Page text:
Google Cloud SQL for PostgreSQL 13

By: James Green
Tag(s): Data
Published: Nov 11, 2020
Google Cloud SQL for PostgreSQL 13

We explore Cloud SQL PostgreSQL 13 — A fully-managed instance of the world’s most advanced open-source relational database.


New to PostgreSQL?

PostgreSQL on Cloud SQL

PostgreSQL is a powerful, open-source object-relational database system. It shares many commonalities with other relational database platforms, including Microsoft SQL Server and MySQL.

New to Google Cloud SQL?

Part of the Google Cloud Platform ecosystem, Cloud SQL is a fully-managed database service designed to make it easy to set up, manage, and administer relational databases on Google Cloud Platform. At the time of writing, Cloud SQL supports MySQL, PostgreSQL, and SQL Server.

Did you know?

PostgreSQL started out in life in 1986 as a military-sponsored project, codenamed POSTGRES. 

Developed at the University of California at Berkeley, the project received significant backing from Defense Advanced Research Projects Agency (DARPA), the Army Research Office (ARO), the National Science Foundation (NSF), and ESL, Inc. 
Excerpt from A Brief History of PostgreSQL


PostgreSQL 13

This much-anticipated release appears to be heavily centered around scalability, helping the platform to cope with ever-increasing storage volumes. 

Improved indexing

PostgreSQL 13 boasts significant improvements to its methodology for indexing. Users who have especially large volumes of data should see an improvement in query performance and reduced storage size.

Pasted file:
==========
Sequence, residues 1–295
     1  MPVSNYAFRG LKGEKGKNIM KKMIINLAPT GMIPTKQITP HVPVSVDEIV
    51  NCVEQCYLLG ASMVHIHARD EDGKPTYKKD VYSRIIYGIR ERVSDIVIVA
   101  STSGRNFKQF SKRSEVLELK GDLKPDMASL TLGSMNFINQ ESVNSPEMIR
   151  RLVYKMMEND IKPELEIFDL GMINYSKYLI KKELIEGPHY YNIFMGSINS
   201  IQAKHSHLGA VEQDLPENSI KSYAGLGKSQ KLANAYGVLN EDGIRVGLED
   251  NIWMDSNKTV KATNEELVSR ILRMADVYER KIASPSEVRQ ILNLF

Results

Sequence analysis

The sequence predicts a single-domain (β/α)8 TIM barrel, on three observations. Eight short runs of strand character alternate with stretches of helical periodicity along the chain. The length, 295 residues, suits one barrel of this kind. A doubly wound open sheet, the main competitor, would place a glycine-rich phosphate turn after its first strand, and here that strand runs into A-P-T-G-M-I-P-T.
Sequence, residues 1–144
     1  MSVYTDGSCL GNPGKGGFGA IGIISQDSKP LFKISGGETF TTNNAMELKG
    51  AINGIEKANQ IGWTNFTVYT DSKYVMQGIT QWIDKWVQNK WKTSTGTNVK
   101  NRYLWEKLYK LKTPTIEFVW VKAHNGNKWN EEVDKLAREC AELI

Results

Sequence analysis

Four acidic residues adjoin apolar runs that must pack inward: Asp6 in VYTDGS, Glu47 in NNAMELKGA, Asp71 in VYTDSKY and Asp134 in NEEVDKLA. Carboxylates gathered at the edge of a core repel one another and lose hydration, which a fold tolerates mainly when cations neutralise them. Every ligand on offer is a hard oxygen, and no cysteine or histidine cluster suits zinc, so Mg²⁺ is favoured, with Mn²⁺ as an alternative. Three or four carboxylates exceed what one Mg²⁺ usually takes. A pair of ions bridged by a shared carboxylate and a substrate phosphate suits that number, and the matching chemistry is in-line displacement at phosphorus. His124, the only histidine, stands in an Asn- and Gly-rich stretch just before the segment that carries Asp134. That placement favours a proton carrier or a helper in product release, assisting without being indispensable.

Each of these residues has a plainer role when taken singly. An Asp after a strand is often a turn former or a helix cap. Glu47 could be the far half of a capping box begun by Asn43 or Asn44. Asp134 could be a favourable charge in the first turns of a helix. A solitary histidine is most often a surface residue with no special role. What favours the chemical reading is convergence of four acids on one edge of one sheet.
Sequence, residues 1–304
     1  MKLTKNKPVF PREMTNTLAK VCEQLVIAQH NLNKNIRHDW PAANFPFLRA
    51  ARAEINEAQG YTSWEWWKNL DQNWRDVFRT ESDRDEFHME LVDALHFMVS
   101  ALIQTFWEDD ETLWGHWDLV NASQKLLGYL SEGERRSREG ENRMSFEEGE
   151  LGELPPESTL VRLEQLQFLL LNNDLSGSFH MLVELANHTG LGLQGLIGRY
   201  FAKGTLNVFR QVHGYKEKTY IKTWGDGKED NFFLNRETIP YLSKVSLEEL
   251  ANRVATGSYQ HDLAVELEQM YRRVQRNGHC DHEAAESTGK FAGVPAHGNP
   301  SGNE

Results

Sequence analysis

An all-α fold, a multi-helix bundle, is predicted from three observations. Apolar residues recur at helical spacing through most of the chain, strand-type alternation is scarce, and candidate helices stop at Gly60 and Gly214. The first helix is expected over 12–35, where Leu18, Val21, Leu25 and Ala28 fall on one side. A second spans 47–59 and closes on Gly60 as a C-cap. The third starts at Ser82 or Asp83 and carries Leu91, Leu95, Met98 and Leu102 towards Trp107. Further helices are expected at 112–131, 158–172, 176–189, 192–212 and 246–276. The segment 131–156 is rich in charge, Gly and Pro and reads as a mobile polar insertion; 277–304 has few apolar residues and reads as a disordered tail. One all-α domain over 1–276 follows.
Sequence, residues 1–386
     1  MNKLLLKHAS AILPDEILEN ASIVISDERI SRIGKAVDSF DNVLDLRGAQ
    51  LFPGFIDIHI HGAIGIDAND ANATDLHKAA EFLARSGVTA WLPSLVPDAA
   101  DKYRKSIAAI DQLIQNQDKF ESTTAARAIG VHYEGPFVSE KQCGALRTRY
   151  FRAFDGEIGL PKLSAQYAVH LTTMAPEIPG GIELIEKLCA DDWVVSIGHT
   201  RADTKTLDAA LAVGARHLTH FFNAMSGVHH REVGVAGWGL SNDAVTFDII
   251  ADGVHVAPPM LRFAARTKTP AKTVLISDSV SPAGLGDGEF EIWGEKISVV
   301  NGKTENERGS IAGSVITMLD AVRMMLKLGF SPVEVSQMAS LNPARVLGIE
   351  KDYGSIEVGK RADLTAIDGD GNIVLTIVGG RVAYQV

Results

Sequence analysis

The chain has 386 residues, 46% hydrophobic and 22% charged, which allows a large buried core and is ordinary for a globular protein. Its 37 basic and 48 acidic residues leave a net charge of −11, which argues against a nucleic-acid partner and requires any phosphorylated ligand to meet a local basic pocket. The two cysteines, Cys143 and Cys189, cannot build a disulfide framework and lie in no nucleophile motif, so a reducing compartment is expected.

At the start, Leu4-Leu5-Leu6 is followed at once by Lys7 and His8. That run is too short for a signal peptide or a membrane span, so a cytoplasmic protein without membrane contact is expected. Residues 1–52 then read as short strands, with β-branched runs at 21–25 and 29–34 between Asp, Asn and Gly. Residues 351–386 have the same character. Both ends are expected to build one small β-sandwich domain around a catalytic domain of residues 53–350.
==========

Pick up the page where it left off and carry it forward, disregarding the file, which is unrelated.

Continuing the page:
Engineers at PostgreSQL have achieved this in a number of ways. 

Optimisation has been applied to duplicate data in B-Tree indexes (the standard table index used in PostgreSQL). Duplicate data occurs when multiple leaf-nodes in the index (leaf-nodes point to a physical row in a table) contain the same value as another leaf-node and both point to the same physical row.

PostgreSQL 13 now supports an offline process to merge these duplicates indexes, reducing storage and improving query performance.

Deduplication is enabled by default, but can be disabled (although we note the process is managed lazily, and therefore should not impact DML performance).

A more intelligent query engine

PostgreSQL 13 has introduced some enhancements to its query engine. One of these is to apply greater intelligence to processing sorts needed to execute a SQL query. By “looking ahead”, the optimiser can detect multiple sorts ahead of time and structure the query execution accordingly.

A further enhancement is the ability to define extended statistics. These inform the optimiser to gather statistics on particular columns of interest, and can prevent slow running queries. The official release notes state these should “improve plans for queries with OR clauses and IN/ANY lookups over lists.”

More efficient vacuuming

The PostgreSQL team reveal in the release notes for version 13, they were often asked to provide better support for vacuuming. Vacuuming is a PostgreSQL administration task performed by DBAs to enable the database to free up storage space after rows are updated and deleted via DDL activity. Version 13 introduces parallelised vacuuming, to speed up this vacuuming process.

New data types and more flexible partitioning

Partitioning has received a boost, and partitioned tables can now be replicated as well as support for BEFORE row-level triggers (useful for example, to enforce business logic to prevent certain updates from taking place on a table).